Four score minus six years ago
sons and fathers came ashore
on the beaches of Normandy
to liberate a land
occupied by Nazi forces.
This day is spent on hallowed ground of heroes bordering grainy sands of grief, with monuments to glorify their cause.
Many who fought here are now interred at the American Cemetery overlooking the wide and deep sands of Omaha Beach. White crosses stand in perfect formation for over 9,000 souls, buried here by families who chose this site rather than repatriation of remains stateside.
The cemetery is solemn, beautiful, and educational.
A marble wall (not shown) at the cemetery merits attention, having been engraved with names of more than 1,500 soldiers who could never be found. Scanning the list, one is struck by the plethora of names designated “66th Infantry.”
After-trip research finds over 500 of the never-identified are the result of losing 750-plus from the 66th when their troop ship was torpedoed on Christmas Eve, 1944. It’s a saga seldom told, but covered on the website http://www.leopoldville.org/.
FYI, the U.S. agency in charge of overseas cemeteries and memorials is the American Battle Monuments Commission, whose presence spreads to 16 countries for the care of 55 sites, over two-fifths being in France. (https://www.abmc.gov/)
Pointe du Hoc is a key stop this day.
Pointe du Hoc, or Hoc Cliff, rises between the beach landing sites for the U.S. troops that were given monikers Utah and Omaha. Army Rangers scaled and captured these heights in one of the early engagements for this new specialized force.
We absorb the precipice, gazing north to the English Channel by which the attackers arrived, east to our other visited landing site, Omaha Beach, and west to Utah Beach, too distant to include on this tour.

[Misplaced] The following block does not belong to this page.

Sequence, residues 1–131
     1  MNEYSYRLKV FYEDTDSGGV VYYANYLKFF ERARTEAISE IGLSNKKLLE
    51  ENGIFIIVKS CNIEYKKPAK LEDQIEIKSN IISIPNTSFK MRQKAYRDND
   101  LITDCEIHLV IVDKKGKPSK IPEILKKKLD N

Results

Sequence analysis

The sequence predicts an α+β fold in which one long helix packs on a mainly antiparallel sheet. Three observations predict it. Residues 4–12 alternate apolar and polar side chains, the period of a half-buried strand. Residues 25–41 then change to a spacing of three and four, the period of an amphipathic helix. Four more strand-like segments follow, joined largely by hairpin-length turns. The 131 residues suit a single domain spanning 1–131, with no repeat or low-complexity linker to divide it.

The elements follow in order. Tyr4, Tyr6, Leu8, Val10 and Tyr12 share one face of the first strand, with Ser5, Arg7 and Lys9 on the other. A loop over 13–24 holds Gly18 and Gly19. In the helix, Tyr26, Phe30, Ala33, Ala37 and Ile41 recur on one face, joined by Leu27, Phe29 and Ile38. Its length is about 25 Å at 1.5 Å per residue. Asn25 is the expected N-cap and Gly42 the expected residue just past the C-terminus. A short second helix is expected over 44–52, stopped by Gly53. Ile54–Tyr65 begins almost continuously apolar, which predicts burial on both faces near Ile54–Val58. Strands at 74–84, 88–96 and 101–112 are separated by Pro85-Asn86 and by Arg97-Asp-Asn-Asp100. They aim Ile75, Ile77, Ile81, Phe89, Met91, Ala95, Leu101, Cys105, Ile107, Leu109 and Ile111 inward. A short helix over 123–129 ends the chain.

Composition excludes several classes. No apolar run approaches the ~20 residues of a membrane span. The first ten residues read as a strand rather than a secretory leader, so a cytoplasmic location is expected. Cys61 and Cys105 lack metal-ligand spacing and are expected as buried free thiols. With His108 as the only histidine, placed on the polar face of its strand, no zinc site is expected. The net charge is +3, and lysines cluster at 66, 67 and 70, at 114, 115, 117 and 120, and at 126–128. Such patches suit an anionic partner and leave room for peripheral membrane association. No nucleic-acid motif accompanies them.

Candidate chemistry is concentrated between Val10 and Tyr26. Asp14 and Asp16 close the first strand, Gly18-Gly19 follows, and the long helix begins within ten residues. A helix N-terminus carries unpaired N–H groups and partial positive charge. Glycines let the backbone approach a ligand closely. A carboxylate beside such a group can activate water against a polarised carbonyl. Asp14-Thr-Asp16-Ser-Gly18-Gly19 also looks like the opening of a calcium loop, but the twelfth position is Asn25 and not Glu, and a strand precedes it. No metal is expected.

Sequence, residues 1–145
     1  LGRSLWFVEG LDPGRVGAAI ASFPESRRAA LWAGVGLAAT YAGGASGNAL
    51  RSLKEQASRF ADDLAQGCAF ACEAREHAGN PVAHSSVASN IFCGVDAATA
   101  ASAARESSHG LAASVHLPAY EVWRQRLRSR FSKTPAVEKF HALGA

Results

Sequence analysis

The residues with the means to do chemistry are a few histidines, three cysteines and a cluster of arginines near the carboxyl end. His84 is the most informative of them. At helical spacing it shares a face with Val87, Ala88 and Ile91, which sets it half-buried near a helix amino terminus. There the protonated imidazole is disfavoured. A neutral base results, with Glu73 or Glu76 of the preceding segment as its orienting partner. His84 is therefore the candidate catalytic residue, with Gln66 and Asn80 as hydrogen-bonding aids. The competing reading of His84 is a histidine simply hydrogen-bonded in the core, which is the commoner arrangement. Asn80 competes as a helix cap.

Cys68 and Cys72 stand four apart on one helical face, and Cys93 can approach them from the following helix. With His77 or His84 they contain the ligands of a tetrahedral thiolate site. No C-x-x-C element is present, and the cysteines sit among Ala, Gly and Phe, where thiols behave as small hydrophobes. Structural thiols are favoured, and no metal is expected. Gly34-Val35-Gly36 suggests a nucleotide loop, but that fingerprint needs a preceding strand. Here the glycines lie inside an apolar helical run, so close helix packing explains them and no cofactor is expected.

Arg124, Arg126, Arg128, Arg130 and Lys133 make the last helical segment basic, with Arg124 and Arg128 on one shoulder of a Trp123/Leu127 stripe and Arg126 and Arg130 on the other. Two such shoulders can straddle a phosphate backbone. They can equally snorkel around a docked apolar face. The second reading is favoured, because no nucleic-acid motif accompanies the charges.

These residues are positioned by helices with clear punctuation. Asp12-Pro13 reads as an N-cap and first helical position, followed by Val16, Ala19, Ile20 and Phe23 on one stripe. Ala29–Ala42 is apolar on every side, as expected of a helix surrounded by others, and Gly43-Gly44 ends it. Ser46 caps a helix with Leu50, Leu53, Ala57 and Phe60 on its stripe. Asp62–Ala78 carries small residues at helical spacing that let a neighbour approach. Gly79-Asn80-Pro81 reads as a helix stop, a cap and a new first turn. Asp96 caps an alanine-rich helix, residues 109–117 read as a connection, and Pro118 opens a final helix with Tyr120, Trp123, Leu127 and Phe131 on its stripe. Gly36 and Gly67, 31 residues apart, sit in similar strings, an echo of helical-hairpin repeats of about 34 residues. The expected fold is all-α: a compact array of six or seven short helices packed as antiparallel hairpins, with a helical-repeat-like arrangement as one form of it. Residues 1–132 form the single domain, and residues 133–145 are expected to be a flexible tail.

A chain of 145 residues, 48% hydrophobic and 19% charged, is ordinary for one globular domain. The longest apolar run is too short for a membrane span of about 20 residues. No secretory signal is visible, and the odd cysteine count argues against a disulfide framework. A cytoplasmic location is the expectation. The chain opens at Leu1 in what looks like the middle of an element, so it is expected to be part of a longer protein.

Pointe du Hoc has original coastal defenses attacked by the Allies, one of which is now topped by a viewing stand.
I should have liked to see more of the D-Day region. The British and Canadian sectors (Gold, Juno, Sword beaches) were covered on an entirely separate motor tour that left the ship at the same time as the tour I chose, preventing the partaking of both.
In the Omaha sector, our tour does not visit local museums. They pop up in small communities flying American flags, in remembrance, next to their own French tricolor.
For this Seine river cruise, I was glad to have chosen a specialized version “… for WWII Historians” that included on-ship lectures filling some touring gaps. I suggest to others making a similar excursion that two days at the D-Day beaches would not be too much.
Another suggestion, if going by river as I did, is to take a ship that docks at the end of the Seine in Honfleur or the big-sister port of Le Havre. Either would lessen the travel time by bus and might include more D-Day sites.
Beyond the sandy beaches, there is little to resemble the scene that greeted the liberating invaders. One has to imagine how all of this happened, getting help from the thorough visitor center museum at the American Cemetery through detailed displays and documentary footage.
Research via cinema is effective, with prime examples being “Saving Private Ryan” and “The Longest Day,” yet modern Normandy is not a silver-screen image of June 1944. Sometimes eighty percent of a city was destroyed in the fight to liberate it. Long ago, the freed people of Normandy rebuilt their towns, their lives and businesses, their farmlands, pastures, hayfields, and churches.
Normandy needed the change brought by the liberators. Another need is for this place to be treasured for the significance of events, accomplishments, and sacrifices made here. So it is remembered in the minds of current residents as well as this group of visitors from U.S.A., Britain, Canada, Australia, and New Zealand.
Ending the day with a measure of levity, the visitor from day 3 has remained in the stateroom, gazing out the window for the return of touring inhabitants. Not too lonely is this creature, for more towel art has dropped in for a visit. With remote control in hand, the two are ready to watch France compete in the World Cup soccer semifinals this night on the in-room television.